DOVER — The Joint Finance Committee Tuesday opted to restore a cut of $8.7 million in nonprofit funding, bringing the total of the draft grant-in-aid bill to $45.9 million.
The proposal, which is expected to be voted on by the full General Assembly Saturday, the last regularly scheduled day of the legislative session, would undo a change made last year and provide funding at the same level for the fiscal year ended July 1, 2017.
“The weight is lifted off my shoulders,” Modern Maturity Center President and CEO Carolyn Fredricks said.
Through grant-in-aid, JFC annually gives state funding to hundreds of nonprofits, ranging from fire companies to senior centers to museums, considered to offer important services to Delawareans. Last year, facing a projected gap between revenues and spending and unable to come to an agreement on tax increases, legislators reduced the amount to $37.2 million.
The move was, predictably, unpopular with many people and left nonprofits worried they would struggle to make ends meet.
Gov. John Carney in January proposed funding grant-in-aid to the tune of $41.7 million, but as revenue collections continued to grow over the ensuing five months, the likelihood of full restoration rose.
Lawmakers still plan to make minor changes, such as increasing the total or shifting some money away from certain nonprofits and to others, depending in part on what happens with other bills.
“We’ve got to figure out where we are numberwise, and then where we are with revenue and then we’ll make adjustments as necessary,” co-chair Rep. Melanie George Smith, D-Bear, said after Tuesday’s meeting.
Fully restoring grant-in-aid was not a hard decision, she said.
While Gov. Carney has said JFC members “should be careful about what they restore,” Rep. George Smith and co-chair Sen. Harris McDowell, D-Wilmington, both feel applicants receive plenty of scrutiny.
Rep. Mike Ramone, R-Pike Creek Valley, had a similar concern, asking if officials are able to closely screen every organization seeking state money and if the Legislature needs to hire anyone to focus specifically on applications. Jackie Griffith, chief of fiscal policy and analysis for the Controller General’s Office, replied that budget analysts have time to carefully review applications and make site visits over the summer.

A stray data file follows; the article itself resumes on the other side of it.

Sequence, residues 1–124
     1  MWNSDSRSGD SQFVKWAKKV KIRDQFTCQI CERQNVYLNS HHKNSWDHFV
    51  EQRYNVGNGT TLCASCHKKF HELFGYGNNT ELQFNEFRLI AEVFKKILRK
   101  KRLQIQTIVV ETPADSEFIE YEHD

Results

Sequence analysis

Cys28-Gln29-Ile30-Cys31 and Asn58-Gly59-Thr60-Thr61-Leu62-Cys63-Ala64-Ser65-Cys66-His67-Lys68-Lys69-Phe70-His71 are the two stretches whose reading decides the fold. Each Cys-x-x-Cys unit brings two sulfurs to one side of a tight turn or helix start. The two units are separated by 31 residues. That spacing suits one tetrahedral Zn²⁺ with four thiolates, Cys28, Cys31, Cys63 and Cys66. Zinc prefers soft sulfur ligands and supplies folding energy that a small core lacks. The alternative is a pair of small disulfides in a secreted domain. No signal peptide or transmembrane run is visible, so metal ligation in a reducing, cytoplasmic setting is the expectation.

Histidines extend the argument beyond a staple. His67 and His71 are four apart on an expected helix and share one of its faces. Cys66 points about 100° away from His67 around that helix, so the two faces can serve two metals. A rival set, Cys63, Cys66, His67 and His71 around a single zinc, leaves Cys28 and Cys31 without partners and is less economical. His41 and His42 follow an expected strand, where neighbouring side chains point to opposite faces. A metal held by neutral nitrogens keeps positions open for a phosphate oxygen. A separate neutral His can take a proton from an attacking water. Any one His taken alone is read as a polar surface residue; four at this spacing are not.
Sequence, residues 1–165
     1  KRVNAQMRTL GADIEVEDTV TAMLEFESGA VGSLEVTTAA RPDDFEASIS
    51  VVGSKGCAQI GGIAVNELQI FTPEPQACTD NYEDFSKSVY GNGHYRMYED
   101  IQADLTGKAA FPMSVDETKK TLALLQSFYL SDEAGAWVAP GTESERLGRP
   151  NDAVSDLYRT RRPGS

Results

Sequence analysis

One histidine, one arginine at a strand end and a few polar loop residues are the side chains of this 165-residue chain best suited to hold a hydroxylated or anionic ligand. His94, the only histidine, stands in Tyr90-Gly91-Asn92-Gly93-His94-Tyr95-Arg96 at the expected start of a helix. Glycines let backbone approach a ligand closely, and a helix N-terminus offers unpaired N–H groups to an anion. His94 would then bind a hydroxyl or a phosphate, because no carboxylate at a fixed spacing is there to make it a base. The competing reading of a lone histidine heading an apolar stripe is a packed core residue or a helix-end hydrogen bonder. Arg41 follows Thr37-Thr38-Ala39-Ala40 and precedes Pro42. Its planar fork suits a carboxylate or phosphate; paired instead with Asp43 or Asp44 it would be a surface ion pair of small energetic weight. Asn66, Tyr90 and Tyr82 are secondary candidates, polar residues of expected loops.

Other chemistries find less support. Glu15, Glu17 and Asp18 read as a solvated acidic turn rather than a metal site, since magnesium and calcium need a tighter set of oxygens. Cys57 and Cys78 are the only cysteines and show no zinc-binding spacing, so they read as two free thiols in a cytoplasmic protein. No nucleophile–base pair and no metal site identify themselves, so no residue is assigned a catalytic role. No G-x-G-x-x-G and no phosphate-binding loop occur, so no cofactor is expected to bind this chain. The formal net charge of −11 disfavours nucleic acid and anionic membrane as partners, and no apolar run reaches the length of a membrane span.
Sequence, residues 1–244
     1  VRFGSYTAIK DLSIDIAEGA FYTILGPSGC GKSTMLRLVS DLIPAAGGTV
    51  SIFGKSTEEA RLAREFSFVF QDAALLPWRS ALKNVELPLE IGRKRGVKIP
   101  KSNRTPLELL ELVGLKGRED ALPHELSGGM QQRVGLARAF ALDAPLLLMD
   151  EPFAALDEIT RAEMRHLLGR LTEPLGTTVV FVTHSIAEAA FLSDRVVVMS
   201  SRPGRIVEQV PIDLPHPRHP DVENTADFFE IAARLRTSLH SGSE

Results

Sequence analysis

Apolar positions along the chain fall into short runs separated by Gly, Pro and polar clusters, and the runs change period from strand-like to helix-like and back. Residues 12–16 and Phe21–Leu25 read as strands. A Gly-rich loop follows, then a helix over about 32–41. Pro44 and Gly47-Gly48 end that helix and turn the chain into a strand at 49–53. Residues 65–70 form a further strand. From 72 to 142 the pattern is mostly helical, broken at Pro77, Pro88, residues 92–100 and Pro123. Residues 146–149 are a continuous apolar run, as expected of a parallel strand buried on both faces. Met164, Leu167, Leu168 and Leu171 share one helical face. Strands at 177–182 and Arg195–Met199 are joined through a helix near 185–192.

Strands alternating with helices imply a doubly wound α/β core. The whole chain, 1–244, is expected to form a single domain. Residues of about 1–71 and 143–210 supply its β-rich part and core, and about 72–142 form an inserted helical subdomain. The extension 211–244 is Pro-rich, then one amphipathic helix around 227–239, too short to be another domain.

“We don’t have any concerns as far as that,” she told lawmakers.
The restoration was enthusiastically embraced by nonprofit representatives at Legislative Hall, some of whom broke out into applause after JFC unanimously endorsed it.
“I think that they are jumping up and down for joy because this is for some agencies very significant funding that does really important work out in the community and to hear the unanimous support of reinstatement is something that we know our members are going to be thrilled with,” Sheila Bravo, president and CEO of the Delaware Alliance for Nonprofit Advancement, said.
Calling Tuesday “a great day for nonprofits in the state,” Ms. Fredricks said the funding decision will reduce the pressure on the Modern Maturity Center and others.
Also included in the proposal is an increase in the reimbursement rate for the county paramedic programs, effectively saving the three counties a combined $2.2 million. Lawmakers last year altered the county-state split from 70-30 to 76-24, costing Kent County about $380,000 more this fiscal year.
Tuesday’s vote undoes that.
“It’s a big help to get that grant back in normal order,” Kent County Administrator Mike Petit de Mange said, noting public safety consumes the biggest chunk of the county budget.
It appears that, against the wishes of some legislators, grant-in-aid will remain under the purview of JFC.
A bill that would create a new committee to analyze and dole out grant-in-aid funding has been awaiting a vote in the Senate for more than five months after passing the House unanimously. However, Sen. McDowell said it is unlikely to be approved by the Senate.
“It creates an unnecessary group,” he said. “It’s the same thing. It’d just be a new group.”